Before its evolution into a more open economy, China's state-owned factories were identified by number. In Beijing, factory 798 and others around it once made weapons components. Today, they are the epicenter of China's emerging modern art community. Working with a Belgian philanthropist who owns one of the world's largest collections of contemporary Chinese art, Sasaki created a vision plan for the 798 Arts District that sought to solidify its role as a major force in China's arts scene. Abandoned factory buildings have been transformed to new museums, galleries, and cafes. Fallow fields and hidden courtyards are re-emerging as settings for outdoor sculpture, fashion shows, and other events. What began as a small collection of studio and other work spaces has now evolved into the third most visited destination in Beijing, after the Forbidden City and the Great Wall.
In 2004, the district, already a haven for budding artists, faced destruction in the name of progress. The government considered the 50-year-old East German designed factory buildings as a low density waste of space in a city that needed to build vertically. Although these factory buildings are what give the district its unique architectural aesthetic, Beijing is a metropolis that values its blend of rich ancient history and contemporary architecture, but tends to ignore its mid-century industrialism. Seeing the potential long-term value of the district, Sasaki and client Urbis Development worked together to create a vision plan that would emphasize the district's modern bohemian style and integrate its unique architecture and industrial elements, transforming 798 into one of Beijing's most distinctive neighborhoods.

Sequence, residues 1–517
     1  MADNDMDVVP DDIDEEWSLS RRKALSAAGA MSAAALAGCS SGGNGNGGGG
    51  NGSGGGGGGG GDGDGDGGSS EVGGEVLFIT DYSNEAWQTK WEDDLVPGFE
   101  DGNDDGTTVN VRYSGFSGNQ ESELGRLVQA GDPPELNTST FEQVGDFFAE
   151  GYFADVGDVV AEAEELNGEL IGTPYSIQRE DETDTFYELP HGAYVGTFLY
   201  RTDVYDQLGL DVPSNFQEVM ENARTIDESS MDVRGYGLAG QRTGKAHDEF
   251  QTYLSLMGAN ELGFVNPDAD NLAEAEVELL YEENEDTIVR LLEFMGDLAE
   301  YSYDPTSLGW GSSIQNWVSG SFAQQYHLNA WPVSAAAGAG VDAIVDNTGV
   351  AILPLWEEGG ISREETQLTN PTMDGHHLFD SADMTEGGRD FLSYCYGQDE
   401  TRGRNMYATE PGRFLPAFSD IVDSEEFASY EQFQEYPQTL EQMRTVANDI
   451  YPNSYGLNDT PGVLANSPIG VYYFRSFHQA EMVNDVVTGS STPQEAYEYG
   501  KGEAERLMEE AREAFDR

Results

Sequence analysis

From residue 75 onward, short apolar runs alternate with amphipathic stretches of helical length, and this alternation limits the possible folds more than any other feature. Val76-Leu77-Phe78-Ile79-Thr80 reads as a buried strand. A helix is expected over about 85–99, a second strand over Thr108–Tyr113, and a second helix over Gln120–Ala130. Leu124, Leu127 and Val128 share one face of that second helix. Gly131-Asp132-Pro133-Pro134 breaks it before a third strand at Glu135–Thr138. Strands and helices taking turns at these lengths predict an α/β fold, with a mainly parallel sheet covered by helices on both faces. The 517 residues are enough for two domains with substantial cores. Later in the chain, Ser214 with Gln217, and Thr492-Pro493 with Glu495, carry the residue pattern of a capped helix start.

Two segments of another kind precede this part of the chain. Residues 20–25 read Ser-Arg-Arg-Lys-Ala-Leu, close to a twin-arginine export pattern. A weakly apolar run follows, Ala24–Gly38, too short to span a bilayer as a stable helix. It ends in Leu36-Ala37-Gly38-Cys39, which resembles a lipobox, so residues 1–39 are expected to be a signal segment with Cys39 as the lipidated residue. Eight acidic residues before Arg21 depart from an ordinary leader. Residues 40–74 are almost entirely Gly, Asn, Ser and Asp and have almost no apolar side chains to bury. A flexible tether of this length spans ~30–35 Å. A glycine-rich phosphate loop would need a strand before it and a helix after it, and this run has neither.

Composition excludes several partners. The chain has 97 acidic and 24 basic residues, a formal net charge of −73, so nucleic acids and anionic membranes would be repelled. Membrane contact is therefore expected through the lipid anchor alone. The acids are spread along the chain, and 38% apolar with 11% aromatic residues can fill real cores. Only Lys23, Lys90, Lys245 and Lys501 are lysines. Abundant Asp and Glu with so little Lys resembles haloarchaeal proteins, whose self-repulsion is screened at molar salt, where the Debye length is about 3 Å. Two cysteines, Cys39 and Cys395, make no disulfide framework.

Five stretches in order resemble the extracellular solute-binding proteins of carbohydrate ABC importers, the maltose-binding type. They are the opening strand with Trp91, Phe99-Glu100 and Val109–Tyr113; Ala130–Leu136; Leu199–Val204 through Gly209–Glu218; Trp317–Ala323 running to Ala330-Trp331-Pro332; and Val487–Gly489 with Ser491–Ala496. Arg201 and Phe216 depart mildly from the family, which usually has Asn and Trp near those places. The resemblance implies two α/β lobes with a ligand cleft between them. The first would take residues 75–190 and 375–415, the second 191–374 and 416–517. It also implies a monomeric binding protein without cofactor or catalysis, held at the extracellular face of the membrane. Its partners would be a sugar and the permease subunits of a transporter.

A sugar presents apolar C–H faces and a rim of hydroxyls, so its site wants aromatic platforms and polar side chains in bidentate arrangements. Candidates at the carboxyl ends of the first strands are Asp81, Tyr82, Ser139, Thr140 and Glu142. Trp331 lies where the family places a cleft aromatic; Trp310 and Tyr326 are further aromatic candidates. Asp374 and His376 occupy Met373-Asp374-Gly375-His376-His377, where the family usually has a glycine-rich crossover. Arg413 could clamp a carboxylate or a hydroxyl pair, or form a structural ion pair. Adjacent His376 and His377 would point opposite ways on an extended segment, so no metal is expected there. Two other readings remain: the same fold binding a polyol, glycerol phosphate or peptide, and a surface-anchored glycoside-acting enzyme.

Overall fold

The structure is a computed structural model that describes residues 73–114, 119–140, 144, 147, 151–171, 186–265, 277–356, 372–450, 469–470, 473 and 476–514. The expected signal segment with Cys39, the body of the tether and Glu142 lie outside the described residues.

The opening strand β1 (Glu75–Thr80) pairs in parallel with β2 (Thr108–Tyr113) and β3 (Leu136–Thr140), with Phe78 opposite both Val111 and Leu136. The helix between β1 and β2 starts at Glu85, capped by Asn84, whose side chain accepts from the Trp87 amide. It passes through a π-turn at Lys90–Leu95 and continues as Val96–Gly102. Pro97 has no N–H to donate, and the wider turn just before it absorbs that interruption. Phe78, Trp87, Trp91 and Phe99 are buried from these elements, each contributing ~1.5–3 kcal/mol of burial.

As 798 continues to face pressure from the fast-paced growth of adjacent development, preserving the character and spirit of the district while infusing it with additional revenue-generating programs was a key component of the vision plan. Sasaki's work emphasizes the arts as a central theme for the district; retains the essential qualities of the historic industrial aesthetic; develops strategies to make the district more visible and connected to the city; and encourages a wide variety of arts-related and contemporary uses to ensure a vibrant and dynamic district. To achieve this, the plan looks beyond simply preserving the existing factory buildings as static museums and galleries. Creative industries such as media, advertising, architecture, fashion design, animation, and software design ensure that the district will sustainably regenerate itself with new ideas. Additional new uses included a major museum at the center of the district—the Ullens Center for Contemporary Art—and a mix of additional exhibition space, galleries, theatres, retail, restaurants, entertainment venues, hotels, conference facilities, and parks and plazas for outdoor performances and sculptural displays. Other relics on the site, including a gasworks, railroad, and overhead cranes, were preserved to contribute to the district's industrial aesthetic. Narrow streets alleyways become pedestrian-centric courtyards, corridors, and passageways that protect the district from the traffic congestion that is characteristic of Beijing. The result is a framework for 798 to continue to evolve, and transforming it into one of the world's most important cultural districts.
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